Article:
In London Borough of Hillingdon v Neary & Anor (Rev 2) Mr Justice Jackson commented, ‘Publicity can have a strong effect on individuals, particularly if they are not used to it, or if… they are vulnerable to anxiety and to changes in their environment.’

However, Jackson J also emphasised that there must be evidence which supported a proper factual basis for the claim that any given individual would suffer an adverse effect from publicity.  He also stressed that there was a genuine public interest in the work of the Court of Protection, and that it was not in the interests of the public in general or the individual litigants in any case for its work to be considered as secretive.  It was, he said, important that the media were able to report routine cases, that reflected the lives of ordinary people, as well as extraordinary cases like that of Derek Paravicini.

There was a genuine public interest in the work of the Court of Protection, and that it was not in the interests of the public in general or the individual litigants in any case for its work to be considered as secretive.

In W v M & Ors Mr Justice Baker found that the Article 6 rights (to a fair trial) of litigants might also be compromised if their capacity or willingness to participate in litigation were affected by the threat of media publication of identifying information, or attempts by the media to contact them.  This highly controversial case concerned whether a feeding tube should be withdrawn from a woman in a minimally conscious state to allow her to die.  In an earlier unpublished ruling the court had issued an injunction banning reporters from approaching 65 named individuals involved in her care, or approaching within 50m of four named properties.  This injunction was dubbed ‘draconian’, even ‘evil’, by campaigners emphasising the public interest in the case.  However it is worth noting that the injunction did not prohibit reporters from attending or reporting court proceedings, merely from ‘doorstepping’ or identifying a very severely disabled woman, those charged with caring for her, and her grieving family.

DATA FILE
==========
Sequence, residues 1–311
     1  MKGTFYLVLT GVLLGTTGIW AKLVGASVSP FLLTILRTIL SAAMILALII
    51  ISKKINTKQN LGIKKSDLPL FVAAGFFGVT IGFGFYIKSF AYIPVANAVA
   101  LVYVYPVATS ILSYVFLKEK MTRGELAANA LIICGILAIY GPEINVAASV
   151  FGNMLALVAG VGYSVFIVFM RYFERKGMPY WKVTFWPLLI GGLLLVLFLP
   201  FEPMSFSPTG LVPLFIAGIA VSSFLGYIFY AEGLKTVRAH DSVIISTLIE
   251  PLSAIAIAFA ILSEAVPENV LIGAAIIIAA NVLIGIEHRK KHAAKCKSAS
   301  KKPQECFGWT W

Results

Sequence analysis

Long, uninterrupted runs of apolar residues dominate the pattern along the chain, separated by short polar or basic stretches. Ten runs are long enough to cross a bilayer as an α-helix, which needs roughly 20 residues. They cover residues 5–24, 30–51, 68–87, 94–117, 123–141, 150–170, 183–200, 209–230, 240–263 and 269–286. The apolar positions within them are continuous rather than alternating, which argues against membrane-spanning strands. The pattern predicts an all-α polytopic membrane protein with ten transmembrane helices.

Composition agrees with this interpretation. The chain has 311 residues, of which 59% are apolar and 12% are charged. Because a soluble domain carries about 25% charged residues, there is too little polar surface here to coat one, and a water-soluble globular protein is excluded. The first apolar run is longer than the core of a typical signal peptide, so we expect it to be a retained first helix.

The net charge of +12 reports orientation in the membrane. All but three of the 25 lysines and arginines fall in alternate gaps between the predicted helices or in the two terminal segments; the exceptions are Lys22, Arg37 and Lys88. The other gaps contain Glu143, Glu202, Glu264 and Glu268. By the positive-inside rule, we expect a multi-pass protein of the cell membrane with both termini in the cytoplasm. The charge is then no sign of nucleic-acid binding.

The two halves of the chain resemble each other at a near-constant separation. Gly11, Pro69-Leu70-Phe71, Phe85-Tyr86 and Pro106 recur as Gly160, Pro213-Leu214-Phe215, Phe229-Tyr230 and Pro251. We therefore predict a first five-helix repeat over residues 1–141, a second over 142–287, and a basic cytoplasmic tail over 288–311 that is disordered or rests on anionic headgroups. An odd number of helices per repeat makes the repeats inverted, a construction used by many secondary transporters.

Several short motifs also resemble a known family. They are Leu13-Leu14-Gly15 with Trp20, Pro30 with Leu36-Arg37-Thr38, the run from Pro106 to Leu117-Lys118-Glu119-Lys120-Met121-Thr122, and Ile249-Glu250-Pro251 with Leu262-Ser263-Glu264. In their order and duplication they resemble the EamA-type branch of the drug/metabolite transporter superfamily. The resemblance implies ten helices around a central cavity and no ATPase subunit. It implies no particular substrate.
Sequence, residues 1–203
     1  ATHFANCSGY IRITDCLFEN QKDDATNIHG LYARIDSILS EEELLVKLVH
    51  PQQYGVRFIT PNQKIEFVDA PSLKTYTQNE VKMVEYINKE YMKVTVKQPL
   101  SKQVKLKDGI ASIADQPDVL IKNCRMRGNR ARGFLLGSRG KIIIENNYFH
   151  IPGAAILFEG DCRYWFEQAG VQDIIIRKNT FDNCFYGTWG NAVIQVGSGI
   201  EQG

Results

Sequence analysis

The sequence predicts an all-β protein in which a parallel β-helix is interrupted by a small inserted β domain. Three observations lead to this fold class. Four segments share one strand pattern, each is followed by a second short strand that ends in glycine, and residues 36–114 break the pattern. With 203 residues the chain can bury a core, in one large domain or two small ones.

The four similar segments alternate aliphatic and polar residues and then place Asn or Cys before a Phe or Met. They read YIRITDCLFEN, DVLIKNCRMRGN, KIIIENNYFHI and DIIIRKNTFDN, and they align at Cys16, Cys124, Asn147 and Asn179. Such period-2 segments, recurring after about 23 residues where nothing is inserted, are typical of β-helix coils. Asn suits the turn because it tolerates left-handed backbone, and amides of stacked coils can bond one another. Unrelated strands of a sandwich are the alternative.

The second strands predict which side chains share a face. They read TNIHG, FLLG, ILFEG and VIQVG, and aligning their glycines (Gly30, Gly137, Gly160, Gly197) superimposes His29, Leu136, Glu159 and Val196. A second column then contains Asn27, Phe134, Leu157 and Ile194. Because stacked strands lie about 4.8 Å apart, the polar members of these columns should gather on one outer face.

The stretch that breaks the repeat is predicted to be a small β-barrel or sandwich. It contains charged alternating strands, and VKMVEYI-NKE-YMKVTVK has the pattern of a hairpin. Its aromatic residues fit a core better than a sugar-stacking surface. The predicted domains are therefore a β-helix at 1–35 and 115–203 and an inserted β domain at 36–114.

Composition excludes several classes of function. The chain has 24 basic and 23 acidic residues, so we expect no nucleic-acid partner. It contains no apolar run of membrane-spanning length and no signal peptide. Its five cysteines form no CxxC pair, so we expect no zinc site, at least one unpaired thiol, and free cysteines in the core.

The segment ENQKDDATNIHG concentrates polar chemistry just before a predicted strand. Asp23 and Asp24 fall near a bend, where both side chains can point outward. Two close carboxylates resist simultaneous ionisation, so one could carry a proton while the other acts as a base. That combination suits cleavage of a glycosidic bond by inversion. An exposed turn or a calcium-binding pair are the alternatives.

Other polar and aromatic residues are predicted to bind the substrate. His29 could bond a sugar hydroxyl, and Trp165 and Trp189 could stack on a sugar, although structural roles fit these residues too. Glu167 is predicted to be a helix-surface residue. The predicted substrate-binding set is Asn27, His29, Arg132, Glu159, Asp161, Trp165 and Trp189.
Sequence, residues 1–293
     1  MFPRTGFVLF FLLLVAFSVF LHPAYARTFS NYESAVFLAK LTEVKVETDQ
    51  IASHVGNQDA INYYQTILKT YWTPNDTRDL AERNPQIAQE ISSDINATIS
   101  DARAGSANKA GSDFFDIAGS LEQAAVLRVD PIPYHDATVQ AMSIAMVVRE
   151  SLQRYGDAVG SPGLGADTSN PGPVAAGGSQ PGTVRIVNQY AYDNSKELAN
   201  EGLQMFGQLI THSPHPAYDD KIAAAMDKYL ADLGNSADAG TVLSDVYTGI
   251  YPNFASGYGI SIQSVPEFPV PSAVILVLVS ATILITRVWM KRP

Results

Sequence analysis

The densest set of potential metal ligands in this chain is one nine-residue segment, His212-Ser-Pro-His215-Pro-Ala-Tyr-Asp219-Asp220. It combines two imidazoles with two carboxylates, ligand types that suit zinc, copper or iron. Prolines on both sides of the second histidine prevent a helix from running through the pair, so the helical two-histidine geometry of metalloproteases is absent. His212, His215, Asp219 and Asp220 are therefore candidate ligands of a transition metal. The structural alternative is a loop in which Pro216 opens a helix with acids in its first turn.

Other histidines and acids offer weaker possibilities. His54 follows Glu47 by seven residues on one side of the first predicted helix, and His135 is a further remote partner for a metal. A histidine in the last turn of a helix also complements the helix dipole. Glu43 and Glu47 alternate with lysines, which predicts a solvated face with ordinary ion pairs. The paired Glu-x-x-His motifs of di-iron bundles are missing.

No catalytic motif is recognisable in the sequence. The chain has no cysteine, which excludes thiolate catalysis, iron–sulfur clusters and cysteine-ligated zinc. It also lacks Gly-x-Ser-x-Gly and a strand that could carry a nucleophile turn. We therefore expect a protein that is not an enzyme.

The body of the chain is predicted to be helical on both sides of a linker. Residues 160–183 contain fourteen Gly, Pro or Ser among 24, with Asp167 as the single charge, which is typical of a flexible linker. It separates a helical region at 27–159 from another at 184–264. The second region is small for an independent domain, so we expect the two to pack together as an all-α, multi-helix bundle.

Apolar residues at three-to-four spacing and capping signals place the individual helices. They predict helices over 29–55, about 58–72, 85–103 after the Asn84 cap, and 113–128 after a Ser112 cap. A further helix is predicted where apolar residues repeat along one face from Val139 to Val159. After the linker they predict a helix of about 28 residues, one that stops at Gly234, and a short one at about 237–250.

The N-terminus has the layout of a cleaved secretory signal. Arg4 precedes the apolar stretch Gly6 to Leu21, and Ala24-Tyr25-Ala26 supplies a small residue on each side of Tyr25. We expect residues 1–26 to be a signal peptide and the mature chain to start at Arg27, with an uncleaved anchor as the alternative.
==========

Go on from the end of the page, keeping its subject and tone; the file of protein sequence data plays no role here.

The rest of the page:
In a later hearing these restrictions were reduced to cover merely her family; a decision which was accepted by The Times Newspapers Ltd ­– the only media outlet who actually sent representatives to court – on hearing the evidence of the family.  The judgment described the family as being so fearful of media harassment that without such an injunction they might not have brought their case to court; when one reads the judgment in its 43,000 word entirety it is impossible not to have sympathy with their position.  It is important that vulnerable litigants have confidence in protections against intrusive media interest so that publicity does not have a chilling effect on the cases that are brought to the Court of Protection.

Nowhere in the media does it seem to be appreciated that if these cases are not brought to court, difficult decisions regarding adults who lack mental capacity do not go away. Outside of the Court of Protection, disputes and complex moral and political questions are simply resolved by other means, which may offer fewer guarantees of fairness, equality of arms or scrutiny.  Indeed, this was a growing problem prior to the introduction of the MCA.  It may well be that the media are frustrated that their access to Court of Protection cases is restricted, but they should bear in mind that if litigants are driven away from taking these decisions to the Court of Protection through fear of media harassment, such decisions will be made in places far further from view.